A Canadian review board rejected a complaint by anti-circumcision activists against a doctor who orally suctioned blood from a circumcision using a sterile pipette.
The Ontario Health Professions Appeal and Review Board said in its conclusion published Tuesday that there was no evidence supporting the complaint by anti-circumcision activists that Dr. Aaron Jesin acted out of a sexual motive in carrying out the tradition of sucking blood out of a baby’s penis wound following circumcision, the National Post reported.
The board called the complaint “a broadsided attack on the practice of circumcision.”
In haredi Orthodox communities it is common for a mohel to place his mouth directly on the wound to suction the blood from the cut, a practice that has been criticized because it can spread disease.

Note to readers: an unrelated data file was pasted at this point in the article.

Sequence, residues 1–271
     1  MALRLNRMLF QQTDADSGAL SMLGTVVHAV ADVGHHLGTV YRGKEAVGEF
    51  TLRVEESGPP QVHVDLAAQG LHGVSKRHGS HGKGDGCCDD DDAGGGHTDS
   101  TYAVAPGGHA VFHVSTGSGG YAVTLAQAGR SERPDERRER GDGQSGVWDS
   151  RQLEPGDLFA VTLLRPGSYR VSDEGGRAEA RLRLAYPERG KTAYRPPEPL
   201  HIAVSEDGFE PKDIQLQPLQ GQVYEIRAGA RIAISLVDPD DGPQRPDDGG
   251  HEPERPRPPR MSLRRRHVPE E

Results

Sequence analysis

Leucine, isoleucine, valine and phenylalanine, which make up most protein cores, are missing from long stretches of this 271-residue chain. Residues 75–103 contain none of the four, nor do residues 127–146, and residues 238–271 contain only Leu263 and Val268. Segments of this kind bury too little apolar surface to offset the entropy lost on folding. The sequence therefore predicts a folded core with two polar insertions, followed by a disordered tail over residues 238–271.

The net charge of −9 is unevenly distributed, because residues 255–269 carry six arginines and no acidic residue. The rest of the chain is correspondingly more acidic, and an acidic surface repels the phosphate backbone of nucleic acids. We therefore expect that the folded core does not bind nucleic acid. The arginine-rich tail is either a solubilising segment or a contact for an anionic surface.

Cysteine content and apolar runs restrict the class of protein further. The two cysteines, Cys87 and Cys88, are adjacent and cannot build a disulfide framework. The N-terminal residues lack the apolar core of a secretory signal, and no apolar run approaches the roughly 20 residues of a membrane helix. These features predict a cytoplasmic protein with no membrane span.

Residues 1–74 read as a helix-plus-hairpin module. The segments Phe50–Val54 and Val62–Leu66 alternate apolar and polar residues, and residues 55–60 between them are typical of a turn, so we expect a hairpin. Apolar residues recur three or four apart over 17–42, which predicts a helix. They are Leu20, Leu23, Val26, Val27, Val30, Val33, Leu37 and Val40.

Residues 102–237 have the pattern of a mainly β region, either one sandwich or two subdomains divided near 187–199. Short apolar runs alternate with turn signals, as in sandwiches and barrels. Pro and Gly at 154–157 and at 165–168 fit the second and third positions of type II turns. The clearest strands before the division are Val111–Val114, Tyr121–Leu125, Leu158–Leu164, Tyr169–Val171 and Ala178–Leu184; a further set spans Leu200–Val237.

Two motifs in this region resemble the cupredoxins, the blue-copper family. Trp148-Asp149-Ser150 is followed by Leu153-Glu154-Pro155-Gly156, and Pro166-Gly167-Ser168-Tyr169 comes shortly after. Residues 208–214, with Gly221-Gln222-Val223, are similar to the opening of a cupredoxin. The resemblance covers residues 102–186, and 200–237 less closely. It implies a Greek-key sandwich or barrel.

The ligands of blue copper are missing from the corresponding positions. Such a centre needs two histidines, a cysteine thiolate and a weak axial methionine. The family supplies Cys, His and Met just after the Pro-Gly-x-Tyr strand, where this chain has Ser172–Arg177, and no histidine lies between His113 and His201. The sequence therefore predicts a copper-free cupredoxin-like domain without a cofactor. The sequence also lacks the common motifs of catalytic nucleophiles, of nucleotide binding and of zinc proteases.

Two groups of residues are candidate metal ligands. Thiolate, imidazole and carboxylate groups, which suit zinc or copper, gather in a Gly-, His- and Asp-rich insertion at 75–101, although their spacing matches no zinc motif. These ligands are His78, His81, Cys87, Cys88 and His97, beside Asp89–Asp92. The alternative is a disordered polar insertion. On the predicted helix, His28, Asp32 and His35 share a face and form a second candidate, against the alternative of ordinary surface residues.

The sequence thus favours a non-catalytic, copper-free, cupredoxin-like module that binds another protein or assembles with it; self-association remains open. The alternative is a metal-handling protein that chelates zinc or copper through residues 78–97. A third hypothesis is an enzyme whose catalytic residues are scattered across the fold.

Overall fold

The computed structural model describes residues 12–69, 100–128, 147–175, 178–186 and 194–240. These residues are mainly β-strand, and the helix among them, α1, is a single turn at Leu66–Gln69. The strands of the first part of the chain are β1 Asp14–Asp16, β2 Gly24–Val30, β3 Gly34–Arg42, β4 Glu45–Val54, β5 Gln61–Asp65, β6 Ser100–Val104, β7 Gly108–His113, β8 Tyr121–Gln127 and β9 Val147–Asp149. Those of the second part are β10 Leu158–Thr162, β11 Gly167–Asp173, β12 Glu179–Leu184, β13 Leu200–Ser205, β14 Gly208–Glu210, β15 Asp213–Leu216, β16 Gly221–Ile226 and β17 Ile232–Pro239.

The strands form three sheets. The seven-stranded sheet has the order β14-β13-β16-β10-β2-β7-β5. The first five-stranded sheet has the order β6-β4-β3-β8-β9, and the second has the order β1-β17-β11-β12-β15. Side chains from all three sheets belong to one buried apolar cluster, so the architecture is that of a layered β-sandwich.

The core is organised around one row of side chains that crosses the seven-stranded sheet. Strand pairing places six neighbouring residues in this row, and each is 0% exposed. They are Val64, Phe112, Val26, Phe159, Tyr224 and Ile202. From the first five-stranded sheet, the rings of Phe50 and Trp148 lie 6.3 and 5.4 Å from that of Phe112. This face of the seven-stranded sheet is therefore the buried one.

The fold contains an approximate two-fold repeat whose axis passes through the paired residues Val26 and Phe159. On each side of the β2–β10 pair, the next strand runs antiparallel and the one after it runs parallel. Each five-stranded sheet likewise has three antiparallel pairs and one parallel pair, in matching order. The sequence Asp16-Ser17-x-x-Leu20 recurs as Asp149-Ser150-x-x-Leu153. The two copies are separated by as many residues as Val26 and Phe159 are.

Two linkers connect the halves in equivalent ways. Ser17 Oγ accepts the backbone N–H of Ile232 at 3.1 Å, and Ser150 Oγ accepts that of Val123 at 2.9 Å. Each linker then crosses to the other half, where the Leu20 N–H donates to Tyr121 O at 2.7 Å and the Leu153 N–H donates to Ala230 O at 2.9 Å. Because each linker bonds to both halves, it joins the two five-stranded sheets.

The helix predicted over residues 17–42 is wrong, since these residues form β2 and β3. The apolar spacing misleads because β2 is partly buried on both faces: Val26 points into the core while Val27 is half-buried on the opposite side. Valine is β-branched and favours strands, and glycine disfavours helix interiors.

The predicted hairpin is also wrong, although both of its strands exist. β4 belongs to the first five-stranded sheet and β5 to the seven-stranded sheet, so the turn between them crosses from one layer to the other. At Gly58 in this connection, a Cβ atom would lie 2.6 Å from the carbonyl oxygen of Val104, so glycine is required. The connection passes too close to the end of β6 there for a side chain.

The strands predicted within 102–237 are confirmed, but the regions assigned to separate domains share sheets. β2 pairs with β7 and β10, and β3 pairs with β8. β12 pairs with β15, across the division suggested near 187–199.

According to the National Post, Jesin told investigators that he is against using direct oral suction and instead uses a sterile pipette during ritual circumcisions to prevent infection.
In New York, health officials require parental consent if direct suction is performed, though the regulation has not been strictly enforced.
Editor’s note: The original version of this article insinuated Dr. Aaron Jesin performed the ritual without the use of a glass pipette. We regret the error.